Java Persistence/What is a database?

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A database program is an executable that stores and retrieves data. There are many types of databases: flat-file, hierarchical, relational, object-relational, object-oriented, xml, and others. The original databases programs were mainly proprietary and non-standardized.

Relational databases were the first databases to achieve great success and standardization. Relational databases are characterized by the SQL (structured query language) standard to query and modify the database, their client/server architecture, and relational table storage structure. Relational databases achieved great success because their standardization allowed many different vendors such as Oracle, IBM, and Sybase to produce interoperable products giving users the flexibility to switch their vendor and avoid vendor lock-in to a proprietary solution. Their client/server architecture allows the client programming language to be decoupled from the server, allowing the database server to support interface APIs into multiple different programming languages and clients.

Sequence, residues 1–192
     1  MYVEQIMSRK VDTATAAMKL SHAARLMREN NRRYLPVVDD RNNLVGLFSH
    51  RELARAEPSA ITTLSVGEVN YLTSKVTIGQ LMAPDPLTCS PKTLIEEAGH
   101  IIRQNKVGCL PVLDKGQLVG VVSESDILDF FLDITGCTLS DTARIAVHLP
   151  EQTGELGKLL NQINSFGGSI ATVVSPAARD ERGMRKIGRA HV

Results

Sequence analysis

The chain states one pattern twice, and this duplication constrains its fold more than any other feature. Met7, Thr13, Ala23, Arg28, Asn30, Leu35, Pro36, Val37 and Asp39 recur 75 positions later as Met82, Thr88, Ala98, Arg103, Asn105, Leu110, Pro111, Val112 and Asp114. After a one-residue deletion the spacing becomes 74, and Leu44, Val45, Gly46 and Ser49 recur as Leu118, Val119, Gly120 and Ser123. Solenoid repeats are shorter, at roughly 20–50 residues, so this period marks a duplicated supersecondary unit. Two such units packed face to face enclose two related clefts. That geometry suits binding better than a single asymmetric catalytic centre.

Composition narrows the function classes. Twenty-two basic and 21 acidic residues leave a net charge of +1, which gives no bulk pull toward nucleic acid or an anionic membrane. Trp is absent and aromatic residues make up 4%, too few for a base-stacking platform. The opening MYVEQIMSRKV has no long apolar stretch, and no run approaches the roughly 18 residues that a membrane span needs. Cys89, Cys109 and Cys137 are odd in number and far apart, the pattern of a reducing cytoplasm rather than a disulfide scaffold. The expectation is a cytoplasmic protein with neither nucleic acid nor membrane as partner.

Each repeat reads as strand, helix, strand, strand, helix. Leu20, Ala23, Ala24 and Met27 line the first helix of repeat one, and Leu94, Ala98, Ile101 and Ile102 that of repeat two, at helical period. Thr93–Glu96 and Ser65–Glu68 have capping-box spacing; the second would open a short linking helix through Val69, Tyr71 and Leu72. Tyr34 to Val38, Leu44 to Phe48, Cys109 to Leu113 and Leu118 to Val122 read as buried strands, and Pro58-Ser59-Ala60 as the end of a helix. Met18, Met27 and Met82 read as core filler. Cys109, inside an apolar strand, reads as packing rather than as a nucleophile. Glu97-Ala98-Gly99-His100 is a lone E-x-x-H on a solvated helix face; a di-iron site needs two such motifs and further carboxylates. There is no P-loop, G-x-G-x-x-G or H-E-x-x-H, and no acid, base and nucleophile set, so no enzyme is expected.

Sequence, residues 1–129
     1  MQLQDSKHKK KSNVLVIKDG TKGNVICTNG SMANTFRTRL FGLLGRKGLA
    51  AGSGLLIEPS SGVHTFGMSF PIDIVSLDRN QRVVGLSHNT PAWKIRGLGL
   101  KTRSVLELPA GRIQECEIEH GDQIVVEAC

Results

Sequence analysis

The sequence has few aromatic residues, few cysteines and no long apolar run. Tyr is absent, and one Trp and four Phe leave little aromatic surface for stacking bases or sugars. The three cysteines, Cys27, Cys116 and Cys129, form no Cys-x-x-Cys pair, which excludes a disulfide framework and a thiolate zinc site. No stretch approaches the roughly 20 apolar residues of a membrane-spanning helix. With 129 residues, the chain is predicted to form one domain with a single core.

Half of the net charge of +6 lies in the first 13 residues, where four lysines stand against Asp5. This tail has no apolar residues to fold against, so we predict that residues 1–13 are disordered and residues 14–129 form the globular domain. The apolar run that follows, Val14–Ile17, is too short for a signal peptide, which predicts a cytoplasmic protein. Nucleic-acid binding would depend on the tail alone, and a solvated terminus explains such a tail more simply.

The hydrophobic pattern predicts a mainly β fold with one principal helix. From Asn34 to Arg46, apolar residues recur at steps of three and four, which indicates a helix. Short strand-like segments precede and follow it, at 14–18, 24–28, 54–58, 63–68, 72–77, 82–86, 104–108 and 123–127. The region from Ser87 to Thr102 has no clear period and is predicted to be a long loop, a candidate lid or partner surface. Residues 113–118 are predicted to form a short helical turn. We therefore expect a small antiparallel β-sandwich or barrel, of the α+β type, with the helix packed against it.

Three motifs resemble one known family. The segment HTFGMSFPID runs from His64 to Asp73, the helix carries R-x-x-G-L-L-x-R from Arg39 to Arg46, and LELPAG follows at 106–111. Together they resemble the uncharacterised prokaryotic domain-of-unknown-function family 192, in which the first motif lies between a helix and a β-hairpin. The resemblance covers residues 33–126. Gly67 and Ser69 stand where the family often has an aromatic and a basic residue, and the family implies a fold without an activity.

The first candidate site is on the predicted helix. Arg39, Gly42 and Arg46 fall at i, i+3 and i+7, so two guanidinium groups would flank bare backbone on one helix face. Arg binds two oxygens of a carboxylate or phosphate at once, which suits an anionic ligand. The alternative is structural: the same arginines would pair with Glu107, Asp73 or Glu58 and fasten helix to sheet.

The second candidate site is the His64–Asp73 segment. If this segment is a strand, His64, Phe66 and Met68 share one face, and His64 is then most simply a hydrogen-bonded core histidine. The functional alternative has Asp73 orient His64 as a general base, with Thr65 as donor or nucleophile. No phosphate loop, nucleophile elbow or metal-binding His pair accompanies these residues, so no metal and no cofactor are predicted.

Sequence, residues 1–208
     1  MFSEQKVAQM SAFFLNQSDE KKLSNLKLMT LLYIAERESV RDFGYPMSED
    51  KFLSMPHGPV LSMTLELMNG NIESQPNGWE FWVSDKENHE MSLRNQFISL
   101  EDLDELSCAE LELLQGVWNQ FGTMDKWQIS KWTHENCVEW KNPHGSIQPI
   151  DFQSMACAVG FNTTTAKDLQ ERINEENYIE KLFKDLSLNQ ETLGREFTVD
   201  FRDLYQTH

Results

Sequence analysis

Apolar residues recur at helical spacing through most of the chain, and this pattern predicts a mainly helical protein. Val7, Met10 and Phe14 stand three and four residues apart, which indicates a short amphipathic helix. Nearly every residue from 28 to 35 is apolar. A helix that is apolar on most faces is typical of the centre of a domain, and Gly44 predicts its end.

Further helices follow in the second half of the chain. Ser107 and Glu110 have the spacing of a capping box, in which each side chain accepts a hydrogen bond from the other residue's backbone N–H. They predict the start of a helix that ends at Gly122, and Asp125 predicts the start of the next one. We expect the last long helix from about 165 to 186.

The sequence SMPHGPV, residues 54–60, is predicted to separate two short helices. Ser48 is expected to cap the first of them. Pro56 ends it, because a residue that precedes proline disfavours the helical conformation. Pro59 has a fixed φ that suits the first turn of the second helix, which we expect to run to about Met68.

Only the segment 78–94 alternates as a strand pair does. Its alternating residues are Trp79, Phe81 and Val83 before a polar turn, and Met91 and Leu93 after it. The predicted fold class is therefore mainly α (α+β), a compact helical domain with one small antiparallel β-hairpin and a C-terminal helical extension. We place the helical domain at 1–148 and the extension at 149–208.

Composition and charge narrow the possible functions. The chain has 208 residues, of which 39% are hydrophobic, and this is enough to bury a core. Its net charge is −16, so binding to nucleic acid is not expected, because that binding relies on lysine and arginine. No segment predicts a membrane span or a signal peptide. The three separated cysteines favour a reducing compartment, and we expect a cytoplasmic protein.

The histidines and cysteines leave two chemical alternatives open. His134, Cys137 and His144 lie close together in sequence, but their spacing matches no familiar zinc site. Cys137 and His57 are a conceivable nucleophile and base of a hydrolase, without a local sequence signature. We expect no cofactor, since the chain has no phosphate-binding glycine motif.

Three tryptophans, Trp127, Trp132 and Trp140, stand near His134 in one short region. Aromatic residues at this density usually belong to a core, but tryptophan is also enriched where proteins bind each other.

Although relational databases are relatively old technology, they still dominate the industry. There have been many attempts to replace the relational model, first with object-oriented databases, then with object-relational databases, and finally with XML databases, but none of the new database models achieved much success and relational databases remain the overwhelmingly dominant database model.

The main relational databases used today are: Oracle, MySQL (Oracle), PostgreSQL, DB2 (IBM), SQL Server (Microsoft).